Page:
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Despite what Paul Ryan said, the new Democratic congressman from Pennsylvania is not a conservative.
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Before voters in Pennsylvania’s 18th congressional district cast their ballots, Republicans cast the Democratic candidate, Conor Lamb, as a liberal. A Republican PAC ran an ad calling him a “liberal sheep” who would spend his term “voting the straight liberal party line for Pelosi’s extreme agenda.”
Once the votes were cast, Republicans changed their tune. Suddenly Lamb was, in Paul Ryan’s words, someone who “ran as a pro-life, pro-gun, anti-Nancy Pelosi conservative.” Lamb “ran as a Republican,” said one of Ryan’s colleagues.
What changed? Lamb won, or at least seemed to eke out a narrow victory on election night. Even if the Republican candidate, Rick Saccone, wins the seat once all the votes are counted — something most observers consider unlikely — Lamb performed very well considering that the district went heavily for President Donald Trump in 2016.
Before the election, Republicans wanted voters to think of Lamb as too liberal to support. Afterward, they wanted to buck up Republican morale by saying that he had run to the right.
The new spin is not grounded in reality. Lamb is not a conservative, and not a Republican in the wrong party. He ran against most of the Republican economic agenda, including the recently enacted corporate tax cuts and the reforms to Social Security and Medicare that Ryan has long advocated. (Lamb objects when Ryan, like much of the press, calls these programs, to which senior citizens are entitled by law, “entitlements.”) He’s for tweaking rather than replacing Obamacare.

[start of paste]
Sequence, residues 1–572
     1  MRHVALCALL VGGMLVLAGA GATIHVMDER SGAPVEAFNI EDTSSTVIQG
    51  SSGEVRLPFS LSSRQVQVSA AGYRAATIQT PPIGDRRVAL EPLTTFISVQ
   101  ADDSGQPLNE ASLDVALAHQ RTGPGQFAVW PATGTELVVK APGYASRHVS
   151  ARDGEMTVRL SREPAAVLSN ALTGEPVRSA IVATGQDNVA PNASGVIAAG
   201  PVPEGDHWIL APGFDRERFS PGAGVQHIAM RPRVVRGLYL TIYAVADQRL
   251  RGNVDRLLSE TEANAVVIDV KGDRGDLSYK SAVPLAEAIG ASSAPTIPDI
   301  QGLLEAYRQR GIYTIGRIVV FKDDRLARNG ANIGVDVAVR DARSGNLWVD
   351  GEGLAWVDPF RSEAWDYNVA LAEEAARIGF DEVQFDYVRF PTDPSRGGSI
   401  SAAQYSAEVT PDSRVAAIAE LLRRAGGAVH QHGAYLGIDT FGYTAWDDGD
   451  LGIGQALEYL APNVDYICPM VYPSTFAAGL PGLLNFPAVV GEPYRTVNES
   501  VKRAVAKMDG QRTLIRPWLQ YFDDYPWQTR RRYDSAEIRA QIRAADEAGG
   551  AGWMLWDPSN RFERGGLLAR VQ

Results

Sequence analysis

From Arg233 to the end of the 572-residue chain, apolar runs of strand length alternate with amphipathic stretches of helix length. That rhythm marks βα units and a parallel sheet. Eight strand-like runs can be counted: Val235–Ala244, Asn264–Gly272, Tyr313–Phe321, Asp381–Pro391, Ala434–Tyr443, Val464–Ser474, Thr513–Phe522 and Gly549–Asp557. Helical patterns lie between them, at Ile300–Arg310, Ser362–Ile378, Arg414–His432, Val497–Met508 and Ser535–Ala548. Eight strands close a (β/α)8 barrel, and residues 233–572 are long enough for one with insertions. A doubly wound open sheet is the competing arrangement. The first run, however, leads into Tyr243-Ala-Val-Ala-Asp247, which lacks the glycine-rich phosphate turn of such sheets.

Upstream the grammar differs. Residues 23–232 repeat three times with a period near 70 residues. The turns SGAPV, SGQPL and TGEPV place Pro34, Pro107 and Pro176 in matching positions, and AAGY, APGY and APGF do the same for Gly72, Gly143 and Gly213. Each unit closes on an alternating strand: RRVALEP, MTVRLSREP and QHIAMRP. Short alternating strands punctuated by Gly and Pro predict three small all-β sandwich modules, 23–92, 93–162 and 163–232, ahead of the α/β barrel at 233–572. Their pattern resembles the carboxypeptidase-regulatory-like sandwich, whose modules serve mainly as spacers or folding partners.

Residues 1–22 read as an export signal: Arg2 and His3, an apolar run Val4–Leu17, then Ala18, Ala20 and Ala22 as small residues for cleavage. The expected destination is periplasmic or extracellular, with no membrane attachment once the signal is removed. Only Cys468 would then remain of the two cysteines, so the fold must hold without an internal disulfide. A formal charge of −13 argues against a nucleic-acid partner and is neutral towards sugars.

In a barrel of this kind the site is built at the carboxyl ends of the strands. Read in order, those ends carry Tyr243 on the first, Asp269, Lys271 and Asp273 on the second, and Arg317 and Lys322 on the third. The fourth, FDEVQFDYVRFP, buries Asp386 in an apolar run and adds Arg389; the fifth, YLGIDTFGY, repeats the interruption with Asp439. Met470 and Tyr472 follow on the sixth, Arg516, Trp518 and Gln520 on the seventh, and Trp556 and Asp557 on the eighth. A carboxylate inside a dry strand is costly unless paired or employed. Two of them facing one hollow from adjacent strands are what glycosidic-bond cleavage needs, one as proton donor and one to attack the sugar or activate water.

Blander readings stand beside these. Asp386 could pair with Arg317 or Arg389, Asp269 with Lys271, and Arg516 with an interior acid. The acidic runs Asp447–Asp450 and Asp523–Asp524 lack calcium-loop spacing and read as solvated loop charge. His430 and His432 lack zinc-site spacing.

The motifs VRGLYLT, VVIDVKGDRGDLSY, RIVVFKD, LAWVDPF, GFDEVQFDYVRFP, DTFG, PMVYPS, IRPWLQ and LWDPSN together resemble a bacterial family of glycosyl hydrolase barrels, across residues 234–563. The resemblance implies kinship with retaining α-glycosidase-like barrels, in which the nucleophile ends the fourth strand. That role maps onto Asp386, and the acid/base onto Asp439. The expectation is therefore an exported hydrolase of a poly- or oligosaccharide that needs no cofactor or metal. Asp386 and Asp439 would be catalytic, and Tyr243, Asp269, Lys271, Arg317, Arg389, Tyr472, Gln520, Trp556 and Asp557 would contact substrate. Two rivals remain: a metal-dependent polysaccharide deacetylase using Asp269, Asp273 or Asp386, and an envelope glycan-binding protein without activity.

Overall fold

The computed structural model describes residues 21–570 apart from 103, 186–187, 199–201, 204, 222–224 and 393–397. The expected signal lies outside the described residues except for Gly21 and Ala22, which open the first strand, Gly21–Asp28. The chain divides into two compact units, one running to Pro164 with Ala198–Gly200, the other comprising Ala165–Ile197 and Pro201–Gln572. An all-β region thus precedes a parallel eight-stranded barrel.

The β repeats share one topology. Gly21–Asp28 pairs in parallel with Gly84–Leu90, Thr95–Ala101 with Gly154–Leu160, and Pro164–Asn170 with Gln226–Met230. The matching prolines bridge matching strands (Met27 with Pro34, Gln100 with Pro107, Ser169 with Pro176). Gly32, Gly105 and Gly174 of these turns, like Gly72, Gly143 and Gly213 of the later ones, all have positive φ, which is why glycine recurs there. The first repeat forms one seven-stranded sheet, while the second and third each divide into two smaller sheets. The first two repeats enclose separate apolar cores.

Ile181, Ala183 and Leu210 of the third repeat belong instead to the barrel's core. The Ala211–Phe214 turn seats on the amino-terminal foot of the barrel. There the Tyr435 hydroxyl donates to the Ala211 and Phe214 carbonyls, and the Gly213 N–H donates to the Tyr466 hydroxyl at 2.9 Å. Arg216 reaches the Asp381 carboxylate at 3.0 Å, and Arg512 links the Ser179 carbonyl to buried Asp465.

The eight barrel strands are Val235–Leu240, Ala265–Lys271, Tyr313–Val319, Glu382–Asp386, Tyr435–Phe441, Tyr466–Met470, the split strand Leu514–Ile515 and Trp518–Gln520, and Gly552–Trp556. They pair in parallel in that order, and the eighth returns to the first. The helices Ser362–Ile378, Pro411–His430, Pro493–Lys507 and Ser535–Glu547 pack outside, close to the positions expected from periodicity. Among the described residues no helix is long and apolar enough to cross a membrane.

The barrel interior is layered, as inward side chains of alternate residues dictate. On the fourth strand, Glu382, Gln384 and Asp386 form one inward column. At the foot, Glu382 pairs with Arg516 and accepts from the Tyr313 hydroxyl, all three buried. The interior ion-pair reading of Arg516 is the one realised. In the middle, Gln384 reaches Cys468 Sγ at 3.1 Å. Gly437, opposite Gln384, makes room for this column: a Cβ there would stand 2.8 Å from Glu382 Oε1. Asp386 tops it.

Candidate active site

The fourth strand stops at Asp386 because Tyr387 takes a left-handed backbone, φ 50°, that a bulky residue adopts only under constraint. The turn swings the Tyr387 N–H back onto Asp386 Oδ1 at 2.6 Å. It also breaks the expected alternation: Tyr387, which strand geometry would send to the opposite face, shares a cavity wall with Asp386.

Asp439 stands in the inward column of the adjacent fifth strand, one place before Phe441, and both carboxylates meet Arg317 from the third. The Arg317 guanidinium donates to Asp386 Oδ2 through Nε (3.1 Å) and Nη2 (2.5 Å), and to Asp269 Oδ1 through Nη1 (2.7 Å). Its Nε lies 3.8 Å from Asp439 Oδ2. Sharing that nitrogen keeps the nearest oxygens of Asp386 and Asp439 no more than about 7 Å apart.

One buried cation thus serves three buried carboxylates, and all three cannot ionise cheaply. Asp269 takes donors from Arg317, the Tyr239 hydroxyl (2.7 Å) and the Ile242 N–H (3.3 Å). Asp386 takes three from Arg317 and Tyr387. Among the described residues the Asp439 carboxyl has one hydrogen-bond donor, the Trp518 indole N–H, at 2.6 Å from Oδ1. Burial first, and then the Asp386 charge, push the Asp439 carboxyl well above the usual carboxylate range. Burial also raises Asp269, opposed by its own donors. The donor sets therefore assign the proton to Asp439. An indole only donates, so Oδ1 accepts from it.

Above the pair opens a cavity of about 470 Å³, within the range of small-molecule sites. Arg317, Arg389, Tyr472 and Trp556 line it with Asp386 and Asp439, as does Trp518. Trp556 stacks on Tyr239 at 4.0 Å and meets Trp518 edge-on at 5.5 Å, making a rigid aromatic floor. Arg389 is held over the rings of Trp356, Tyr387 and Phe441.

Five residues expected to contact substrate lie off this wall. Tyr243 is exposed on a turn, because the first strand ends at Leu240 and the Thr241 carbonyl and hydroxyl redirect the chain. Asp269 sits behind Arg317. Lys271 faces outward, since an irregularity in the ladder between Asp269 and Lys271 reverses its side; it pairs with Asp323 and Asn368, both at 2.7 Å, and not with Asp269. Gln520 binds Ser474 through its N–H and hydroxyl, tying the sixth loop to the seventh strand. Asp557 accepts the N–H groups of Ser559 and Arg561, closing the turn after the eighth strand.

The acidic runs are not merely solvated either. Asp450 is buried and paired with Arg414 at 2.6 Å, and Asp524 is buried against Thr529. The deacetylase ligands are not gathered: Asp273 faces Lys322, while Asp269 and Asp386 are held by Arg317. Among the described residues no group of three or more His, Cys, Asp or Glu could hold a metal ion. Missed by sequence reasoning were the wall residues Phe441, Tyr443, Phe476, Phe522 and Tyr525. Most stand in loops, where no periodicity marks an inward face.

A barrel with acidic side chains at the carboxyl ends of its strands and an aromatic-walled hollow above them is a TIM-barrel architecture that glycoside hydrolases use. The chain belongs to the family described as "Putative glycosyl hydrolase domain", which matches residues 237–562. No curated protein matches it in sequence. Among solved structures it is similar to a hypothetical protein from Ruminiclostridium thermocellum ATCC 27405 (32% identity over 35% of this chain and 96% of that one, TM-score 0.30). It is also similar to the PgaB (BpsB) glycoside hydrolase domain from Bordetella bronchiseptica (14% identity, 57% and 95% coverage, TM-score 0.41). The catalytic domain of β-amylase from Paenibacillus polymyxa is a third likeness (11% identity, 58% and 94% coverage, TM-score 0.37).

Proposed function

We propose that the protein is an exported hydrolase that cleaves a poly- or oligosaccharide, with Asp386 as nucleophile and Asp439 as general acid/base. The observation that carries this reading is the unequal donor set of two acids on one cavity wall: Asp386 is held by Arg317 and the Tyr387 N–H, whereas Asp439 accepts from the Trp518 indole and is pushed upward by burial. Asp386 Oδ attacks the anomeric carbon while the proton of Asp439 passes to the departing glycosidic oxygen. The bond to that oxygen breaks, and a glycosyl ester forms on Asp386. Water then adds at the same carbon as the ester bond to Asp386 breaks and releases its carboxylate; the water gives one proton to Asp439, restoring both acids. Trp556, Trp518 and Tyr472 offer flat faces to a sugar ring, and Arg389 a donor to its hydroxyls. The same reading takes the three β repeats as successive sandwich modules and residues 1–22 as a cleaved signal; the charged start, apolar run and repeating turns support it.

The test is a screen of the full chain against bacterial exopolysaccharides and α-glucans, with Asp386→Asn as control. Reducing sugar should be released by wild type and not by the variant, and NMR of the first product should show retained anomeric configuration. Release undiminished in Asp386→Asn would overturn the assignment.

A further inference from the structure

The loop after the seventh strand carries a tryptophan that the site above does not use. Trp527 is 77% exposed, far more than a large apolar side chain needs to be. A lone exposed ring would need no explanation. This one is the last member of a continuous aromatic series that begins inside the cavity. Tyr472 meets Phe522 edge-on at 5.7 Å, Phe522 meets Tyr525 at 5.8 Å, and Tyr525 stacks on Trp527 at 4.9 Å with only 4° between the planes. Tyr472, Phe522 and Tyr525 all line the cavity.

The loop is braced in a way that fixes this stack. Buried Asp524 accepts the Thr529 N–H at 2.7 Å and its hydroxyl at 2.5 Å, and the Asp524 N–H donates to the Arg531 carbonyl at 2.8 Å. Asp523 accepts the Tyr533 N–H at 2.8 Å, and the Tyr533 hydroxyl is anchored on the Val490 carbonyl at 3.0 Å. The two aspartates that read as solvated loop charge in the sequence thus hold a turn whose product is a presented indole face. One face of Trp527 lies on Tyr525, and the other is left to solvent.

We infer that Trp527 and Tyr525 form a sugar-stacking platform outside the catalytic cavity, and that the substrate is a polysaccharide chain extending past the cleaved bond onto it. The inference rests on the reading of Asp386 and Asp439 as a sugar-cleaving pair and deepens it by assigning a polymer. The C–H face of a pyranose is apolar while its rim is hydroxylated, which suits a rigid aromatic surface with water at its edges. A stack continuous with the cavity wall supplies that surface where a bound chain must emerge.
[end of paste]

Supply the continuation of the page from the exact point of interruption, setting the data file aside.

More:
Many Pennsylvania Democrats, especially in Lamb’s region of the state, have opposed abortion: Former Governor Robert Casey and former U.S. Representatives Frank Mascara and John Murtha are cases in point. But all three are now deceased, and today’s Pennsylvania Democrats aren’t cut from their mold. Lamb says he “believes life begins at conception,” but also thinks abortion should be legal even after the 20th week and disavows the label “pro-life.”
It’s true that Lamb is out of step with progressives on some issues. After the Parkland, Florida, massacre, he said new gun laws weren’t needed. His first campaign ad showed him shooting an AR-15, which many liberals would like to ban. He favors drilling for natural gas and wants to raise the minimum wage to $10 an hour, rather than the $15 an hour other Democrats want. And he did, as Ryan’s post-election remark suggested, distance himself from Pelosi.
Republicans should stop portraying Lamb as a conservative for several reasons. Above all, it’s false. It could also lead congressional Republicans and their allies to underestimate their challenge this year — making it more likely that they won’t meet it. And it allows the terms of political debate to drift leftward.
If someone who wants to keep abortion even late in pregnancy counts as “pro-life” and “conservative,” or even “moderate,” everyone who holds a position to the right of his starts to look like a right-wing extremist. Usually it is Democrats who wish to define mainstream Republican positions that way. That’s because it’s in their interests, and not the interests of Republicans.
But Ryan got one important thing right about Lamb: It is fair to call him “pro-gun.” In today’s Democratic Party it seems to be more acceptable to oppose gun control than to oppose late-term abortions. The party will give candidates more leeway on guns than on abortion in socially conservative parts of the country.
The difference in the Democrats’ treatment of these issues tells you something about their passions, but probably more about how it perceives the general-election risks. Democrats think that being anti-gun is more politically perilous than being pro-choice (or at least that a candidate can more easily muddy the abortion issue by declaring personal opposition).
Liberals have ample reason to savor Lamb’s victory. If they think that the politics of guns are changing in their favor, though, they should also view it as a caution.
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